The story goes that many years ago an old radio repairman had a shop a few blocks away from a young boy in his neighborhood. He used to hang out there, as he was interested in TV, radio, and other electronic stuff. He became friends with this man and did odd jobs for him on Saturdays, while he listened to his tales of the war with the Nazis and England, and listened to the repairman's ham set that he always had going in the shop.
The boy was looking for a diode to build a crystal set from a Cub Scout book. When the repairman had a look at the schematic he said: "This is ok, but for a real good radio, you should build something like we used to build when I was a boy."
He sketched me out a layout and told the neighborhood boy to hook up the crystal radio this way and wind the coil that way. The boy got his diode and promised to try out the old timers plan.
Now, this was just humoring him, as the young boy thought the
old timer ought to be given a chance, even though the Cub Scout radio was the
one he was going to build to help get his bear patch. He went and built his
radio. Boy, was he in for a surprise. The thing worked too well! It was
sensitive and selective, with good volume and with using only the usual garden
antenna and water pipe ground.
Later, the repairman told the boy how everyone in his town knew about these sets, during the pre-depression years, when things were getting so tough. Radios were very expensive. This one had the reputation of being the one to build, as they were so good, simple, and cost-effective to make. Now, you can build the same crystal radio. I bought the plans back in November 2001 off from an eBay auction.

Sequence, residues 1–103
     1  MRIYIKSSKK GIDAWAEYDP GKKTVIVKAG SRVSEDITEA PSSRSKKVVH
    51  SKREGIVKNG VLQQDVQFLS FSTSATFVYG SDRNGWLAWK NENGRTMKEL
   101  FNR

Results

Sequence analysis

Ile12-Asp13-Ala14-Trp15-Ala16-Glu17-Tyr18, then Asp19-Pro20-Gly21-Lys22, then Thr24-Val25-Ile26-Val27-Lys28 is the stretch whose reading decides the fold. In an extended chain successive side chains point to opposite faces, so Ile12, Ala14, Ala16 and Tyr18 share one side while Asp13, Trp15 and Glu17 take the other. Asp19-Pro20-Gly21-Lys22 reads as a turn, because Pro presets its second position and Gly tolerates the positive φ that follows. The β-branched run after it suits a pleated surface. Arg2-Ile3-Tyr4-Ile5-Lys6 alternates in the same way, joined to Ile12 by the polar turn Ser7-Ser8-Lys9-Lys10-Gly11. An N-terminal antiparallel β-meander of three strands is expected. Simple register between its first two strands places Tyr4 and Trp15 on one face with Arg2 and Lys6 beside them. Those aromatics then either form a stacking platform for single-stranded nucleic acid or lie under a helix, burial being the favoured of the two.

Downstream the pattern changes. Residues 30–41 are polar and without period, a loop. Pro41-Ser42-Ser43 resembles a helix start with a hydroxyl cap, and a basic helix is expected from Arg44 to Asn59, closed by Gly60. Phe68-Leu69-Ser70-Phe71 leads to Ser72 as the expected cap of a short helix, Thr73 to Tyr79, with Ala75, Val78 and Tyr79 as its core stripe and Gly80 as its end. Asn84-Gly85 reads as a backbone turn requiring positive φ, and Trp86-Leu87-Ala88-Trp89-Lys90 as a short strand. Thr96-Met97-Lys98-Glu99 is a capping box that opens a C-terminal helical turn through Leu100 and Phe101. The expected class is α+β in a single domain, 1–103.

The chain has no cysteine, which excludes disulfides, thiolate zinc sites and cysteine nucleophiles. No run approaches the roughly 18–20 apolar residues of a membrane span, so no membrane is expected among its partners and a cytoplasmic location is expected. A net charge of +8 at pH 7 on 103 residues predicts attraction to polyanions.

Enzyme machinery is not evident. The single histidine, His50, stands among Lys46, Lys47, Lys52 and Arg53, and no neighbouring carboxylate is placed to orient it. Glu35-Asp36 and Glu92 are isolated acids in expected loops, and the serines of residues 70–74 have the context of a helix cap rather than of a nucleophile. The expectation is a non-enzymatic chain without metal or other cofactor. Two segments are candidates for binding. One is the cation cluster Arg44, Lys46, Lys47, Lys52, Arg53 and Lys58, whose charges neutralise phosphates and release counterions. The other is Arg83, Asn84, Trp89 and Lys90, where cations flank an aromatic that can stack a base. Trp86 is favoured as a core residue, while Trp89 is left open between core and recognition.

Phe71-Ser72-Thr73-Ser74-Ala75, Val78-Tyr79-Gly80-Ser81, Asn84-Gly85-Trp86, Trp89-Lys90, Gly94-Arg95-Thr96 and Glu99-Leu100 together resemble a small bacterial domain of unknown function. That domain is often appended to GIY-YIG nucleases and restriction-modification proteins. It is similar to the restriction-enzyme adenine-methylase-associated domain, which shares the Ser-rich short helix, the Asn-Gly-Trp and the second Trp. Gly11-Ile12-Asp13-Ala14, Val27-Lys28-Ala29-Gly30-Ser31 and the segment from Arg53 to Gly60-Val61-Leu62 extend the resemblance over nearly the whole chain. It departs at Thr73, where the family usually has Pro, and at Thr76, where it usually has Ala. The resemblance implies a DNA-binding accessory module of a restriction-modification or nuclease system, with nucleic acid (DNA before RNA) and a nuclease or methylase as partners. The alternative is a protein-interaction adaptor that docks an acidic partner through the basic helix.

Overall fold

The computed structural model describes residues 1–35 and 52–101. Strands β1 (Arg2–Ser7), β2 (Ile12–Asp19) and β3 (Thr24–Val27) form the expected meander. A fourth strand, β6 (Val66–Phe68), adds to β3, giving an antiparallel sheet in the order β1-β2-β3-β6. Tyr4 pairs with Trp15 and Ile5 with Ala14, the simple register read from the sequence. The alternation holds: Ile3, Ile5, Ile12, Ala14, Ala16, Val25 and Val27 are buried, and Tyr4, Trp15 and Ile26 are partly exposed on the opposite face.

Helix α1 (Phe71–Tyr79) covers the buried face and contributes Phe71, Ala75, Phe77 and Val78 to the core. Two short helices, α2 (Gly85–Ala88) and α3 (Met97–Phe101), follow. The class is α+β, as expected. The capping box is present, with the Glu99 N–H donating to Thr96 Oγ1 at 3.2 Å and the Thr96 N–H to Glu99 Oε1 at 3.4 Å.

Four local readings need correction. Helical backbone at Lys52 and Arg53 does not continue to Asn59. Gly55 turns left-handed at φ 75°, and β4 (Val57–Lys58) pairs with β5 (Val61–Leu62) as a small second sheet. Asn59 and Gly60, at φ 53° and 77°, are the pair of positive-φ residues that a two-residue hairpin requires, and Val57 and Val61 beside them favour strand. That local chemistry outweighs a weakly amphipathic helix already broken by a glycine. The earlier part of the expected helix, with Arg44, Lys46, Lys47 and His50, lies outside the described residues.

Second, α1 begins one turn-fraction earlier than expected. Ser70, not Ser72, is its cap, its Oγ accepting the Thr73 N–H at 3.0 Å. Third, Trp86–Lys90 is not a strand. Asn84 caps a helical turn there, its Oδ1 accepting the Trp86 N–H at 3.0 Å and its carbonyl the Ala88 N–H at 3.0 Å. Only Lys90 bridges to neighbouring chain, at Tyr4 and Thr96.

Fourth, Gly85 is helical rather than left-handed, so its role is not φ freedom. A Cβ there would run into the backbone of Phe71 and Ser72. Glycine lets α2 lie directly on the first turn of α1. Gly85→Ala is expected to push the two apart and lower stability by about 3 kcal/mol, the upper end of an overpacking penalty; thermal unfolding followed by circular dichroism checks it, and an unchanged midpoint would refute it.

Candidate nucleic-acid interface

The coil is one of the unique things about it, as it is wound unlike any I've seen, including tapped and basket weave, tickler, slider and inductive types. Only three parts and wire are required. There are two ways to hook up the antenna, this is another factor in it's working so well. If you build this radio, and follow the plans exactly, you'll be very pleased.
The computer drawn schematic and coil shown here was copied from the original plans that I bought from eBay. It is the schematic that was shown to the young boy by the radio shop repairman many years ago. The plans that were sent to me have been retyped and edited by me for clarity. I am now using this design in my latest radiant energy prototype. I believe that this is the same type coil that T. H. Moray used in his device. The circuit that I am now using has been added to my Radiant Energy Power Generation special edition book release.
Constructing the set
Winding the coil is a bit unusual , I'll try to make it easy to follow. Wind twelve turns of 24 gauge wire on one end of a coil form. Stop winding the coil without cutting it.
Make two small holes in the form and push the end of 30 gauge wire through both these holes. Make sure that this wire is securely held in place by the two holes leaving a few inches of lead to connect to later.
Continue to wind with both the 24 gauge and 30 gauge wires together side by side. For the next twenty-five turns the coil will have a 30 gauge wire between each turn of 24 gauge wire for another thirteen turns. You should have wound thirty-six turns of 24 gauge wire and twenty-five turns of 30 gauge wire. Now, stop and do not cut the 24 gauge wire. Cut the 30 gauge wire and secure it as before with another two drilled out holes in the form.